REVIEW: Curtains [1983]

Call it research. By the end of Peter R. Simpson‘s Curtains—I use the producer’s name since he ultimately finished the film two years after original director Richard Ciupka left with only forty-five minutes shot—there are just three surviving characters. One is the potential victim being chased, another the homicidal maniac under a plastic old woman mask who’s killed the rest, and the last of the trio off-screen somewhere so we’re left to question the murderer’s identity. Will it be revealed that it’s been the person we’ve thought it was since…

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REVIEW: Hitchcock [2012]

“All men are potential murderers” Based on a book called Alfred Hitchcock and the Making of Psycho by Stephen Rebello, it’s easy to assume Sacha Gervasi‘s Hitchcock will do just that and little else. And while fans of the horror classic clamoring for this exact insight will fill the seats opening weekend, more needs to happen to ensure broader success. So it’s no surprise that John J. McLaughlin‘s script delves deeper into the iconic auteur’s psyche at a time when the world believed him to be over-the-hill and ready for…

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REVIEW: Alien: Resurrection [1997]

“You’re a beautiful, beautiful butterfly” An obvious predecessor to screenwriter Joss Whedon‘s revered “Firefly”, Alien: Resurrection breathes new life into a franchise that could have easily been left alone. Reviving the iconic Ellen Ripley through the hot button topic of cloning, his script found a way to coax Sigourney Weaver back with a uniquely dark spin on the character. Part alien, part human, and all Petri dish, ‘Number 8’ is cognizant of her former self’s rage against the xenomorphs two hundred years before while also acknowledging her role as mother…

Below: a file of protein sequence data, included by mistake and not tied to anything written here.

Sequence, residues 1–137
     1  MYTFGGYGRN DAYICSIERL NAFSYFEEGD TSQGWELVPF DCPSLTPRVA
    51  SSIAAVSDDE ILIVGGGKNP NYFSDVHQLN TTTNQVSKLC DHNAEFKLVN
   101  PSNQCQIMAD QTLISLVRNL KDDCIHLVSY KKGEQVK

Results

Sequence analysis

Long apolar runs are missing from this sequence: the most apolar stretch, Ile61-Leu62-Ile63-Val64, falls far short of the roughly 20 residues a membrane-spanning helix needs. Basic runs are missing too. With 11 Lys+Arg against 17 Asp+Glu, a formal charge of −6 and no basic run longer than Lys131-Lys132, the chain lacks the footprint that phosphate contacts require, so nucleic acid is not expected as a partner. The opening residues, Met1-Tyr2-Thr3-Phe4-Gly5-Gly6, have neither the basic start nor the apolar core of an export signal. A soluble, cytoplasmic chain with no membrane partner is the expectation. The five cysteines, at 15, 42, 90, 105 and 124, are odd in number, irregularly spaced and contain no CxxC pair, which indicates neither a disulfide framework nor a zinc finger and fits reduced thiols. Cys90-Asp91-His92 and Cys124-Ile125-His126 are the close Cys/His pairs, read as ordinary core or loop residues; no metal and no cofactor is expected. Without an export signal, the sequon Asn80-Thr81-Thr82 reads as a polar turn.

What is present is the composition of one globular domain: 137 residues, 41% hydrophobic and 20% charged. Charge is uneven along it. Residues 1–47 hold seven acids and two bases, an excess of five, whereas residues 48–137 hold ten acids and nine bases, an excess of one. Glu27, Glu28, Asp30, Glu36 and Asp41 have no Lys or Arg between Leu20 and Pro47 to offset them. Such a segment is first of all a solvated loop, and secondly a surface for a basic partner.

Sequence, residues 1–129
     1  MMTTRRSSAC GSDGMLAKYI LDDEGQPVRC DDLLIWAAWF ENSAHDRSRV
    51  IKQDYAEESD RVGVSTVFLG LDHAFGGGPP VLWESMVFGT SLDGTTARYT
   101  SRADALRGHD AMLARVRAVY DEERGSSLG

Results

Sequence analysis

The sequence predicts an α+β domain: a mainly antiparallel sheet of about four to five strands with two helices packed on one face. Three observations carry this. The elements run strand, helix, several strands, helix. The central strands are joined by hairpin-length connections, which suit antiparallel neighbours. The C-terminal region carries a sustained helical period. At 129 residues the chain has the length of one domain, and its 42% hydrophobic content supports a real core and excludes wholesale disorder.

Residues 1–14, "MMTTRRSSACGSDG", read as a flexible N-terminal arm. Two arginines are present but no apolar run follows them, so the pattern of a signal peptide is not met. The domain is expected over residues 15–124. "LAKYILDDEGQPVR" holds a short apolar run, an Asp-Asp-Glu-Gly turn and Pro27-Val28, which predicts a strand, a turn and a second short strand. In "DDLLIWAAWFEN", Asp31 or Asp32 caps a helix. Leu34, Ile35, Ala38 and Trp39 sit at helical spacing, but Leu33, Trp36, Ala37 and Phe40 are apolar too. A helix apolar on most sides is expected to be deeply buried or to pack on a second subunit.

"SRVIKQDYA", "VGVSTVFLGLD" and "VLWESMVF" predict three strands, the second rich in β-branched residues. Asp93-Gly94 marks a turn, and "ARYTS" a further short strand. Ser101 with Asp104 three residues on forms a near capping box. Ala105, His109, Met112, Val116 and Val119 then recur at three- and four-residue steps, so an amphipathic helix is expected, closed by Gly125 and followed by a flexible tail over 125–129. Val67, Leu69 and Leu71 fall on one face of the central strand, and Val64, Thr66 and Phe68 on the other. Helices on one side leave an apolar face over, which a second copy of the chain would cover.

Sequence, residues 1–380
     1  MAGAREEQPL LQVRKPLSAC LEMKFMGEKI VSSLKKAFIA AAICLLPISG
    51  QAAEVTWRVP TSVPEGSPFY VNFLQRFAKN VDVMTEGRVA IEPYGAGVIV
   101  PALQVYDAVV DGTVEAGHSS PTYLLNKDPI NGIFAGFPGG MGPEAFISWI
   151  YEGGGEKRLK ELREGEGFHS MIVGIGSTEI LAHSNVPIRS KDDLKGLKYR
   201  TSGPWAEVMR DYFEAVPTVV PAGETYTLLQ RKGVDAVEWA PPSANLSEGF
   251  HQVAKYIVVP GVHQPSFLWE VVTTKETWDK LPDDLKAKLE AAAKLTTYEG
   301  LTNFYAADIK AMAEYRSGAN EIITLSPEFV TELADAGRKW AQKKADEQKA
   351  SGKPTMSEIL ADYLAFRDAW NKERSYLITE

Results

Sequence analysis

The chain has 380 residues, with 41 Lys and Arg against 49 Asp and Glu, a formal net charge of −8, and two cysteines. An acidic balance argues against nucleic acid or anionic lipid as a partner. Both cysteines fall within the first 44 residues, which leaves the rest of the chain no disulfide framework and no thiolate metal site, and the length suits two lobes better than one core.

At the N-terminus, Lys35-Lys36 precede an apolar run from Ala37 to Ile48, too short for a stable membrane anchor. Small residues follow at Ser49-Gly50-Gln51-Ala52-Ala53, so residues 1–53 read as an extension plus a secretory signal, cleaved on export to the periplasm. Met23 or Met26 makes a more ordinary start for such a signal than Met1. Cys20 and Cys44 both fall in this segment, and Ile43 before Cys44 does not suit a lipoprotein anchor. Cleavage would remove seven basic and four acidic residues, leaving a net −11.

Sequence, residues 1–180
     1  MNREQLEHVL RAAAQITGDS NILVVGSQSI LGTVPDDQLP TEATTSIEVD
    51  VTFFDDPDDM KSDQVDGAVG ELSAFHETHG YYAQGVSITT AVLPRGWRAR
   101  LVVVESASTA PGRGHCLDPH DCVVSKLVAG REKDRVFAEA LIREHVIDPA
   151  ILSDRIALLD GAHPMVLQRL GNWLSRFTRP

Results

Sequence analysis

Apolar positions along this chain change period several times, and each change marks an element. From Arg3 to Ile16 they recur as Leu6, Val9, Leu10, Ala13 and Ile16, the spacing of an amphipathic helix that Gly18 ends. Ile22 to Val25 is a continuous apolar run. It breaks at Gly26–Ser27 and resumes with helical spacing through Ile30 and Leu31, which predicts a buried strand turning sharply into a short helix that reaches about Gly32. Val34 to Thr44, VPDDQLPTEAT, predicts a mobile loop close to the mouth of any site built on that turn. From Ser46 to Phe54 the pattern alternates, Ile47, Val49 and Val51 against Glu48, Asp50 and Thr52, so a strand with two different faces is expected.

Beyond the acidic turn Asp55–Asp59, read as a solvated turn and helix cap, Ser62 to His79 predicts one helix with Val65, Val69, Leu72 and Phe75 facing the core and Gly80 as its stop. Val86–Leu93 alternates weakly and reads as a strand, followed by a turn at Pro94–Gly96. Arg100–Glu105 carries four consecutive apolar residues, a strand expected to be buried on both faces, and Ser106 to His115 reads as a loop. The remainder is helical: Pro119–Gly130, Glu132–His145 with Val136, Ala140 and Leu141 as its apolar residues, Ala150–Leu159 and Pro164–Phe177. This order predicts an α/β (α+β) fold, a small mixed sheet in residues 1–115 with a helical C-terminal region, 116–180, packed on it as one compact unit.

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BNFF11 REVIEW: A Lonely Place for Dying [2012]

“Which do you fear more—to be exposed or to be killed?” It begins with a KGB turncoat radioing for assistance from his CIA handler, desperate to make his way to America so he can leave behind the Socialist nation now on his tail. Justin Eugene Evans’s A Lonely Place for Dying, hitting the Buffalo Niagara Film Festival on its two year plus tour, puts all its cards on the table early as Agent Greenglass (Michael Wincott) tells Nikolai (Ross Marquand) no just before the Russian picks up another receiver with…

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BNFF11 PREVIEW: The 5th Annual Buffalo Niagara Film Festival

The Buffalo Niagara Film Festival (April 8-17) has hit year number five—not a small feat when you consider the amount of work that goes into pulling such an event off. I’ve attended the past three years and have to say that it’s gotten better each and every time. From the level of cinema, the recognition of filmmakers in attendance, and the overall day-to-day handling of the festival itself, the experience is pretty great when you consider the $10 ticket price (cheaper if you partake in a Multi Pass) per movie.…

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REVIEW: What Just Happened [2008]

“That’s a good school” Barry Levinson’s What Just Happened made me ponder that exact question as I walked out of my screening. Sadly, the answer I settled on was: not much. I think Robert De Niro’s producer Ben said it best when being completely honest with Stanley Tucci’s screenwriter about his new florist-set script—“it’s not a movie”. That is exactly what I would have said when this script was green-lit to become what it now is. No disrespect to Art Linson who adapted the screenplay from his own comic memoirs…

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REVIEW: The Assassination of Richard Nixon [2004]

“Zebras” The Assassination of Richard Nixon has been a film that I have been trying to catch up to after the brilliant turns by Sean Penn in Mystic River and 21 Grams. This film was the one that completed the trifecta of critically acclaimed performances. While from what I remember of the trailer and the buzz made me think he was a guy who knew what he was doing and figuring out a way to commit the act of the title, this is not the case at all. Penn plays…

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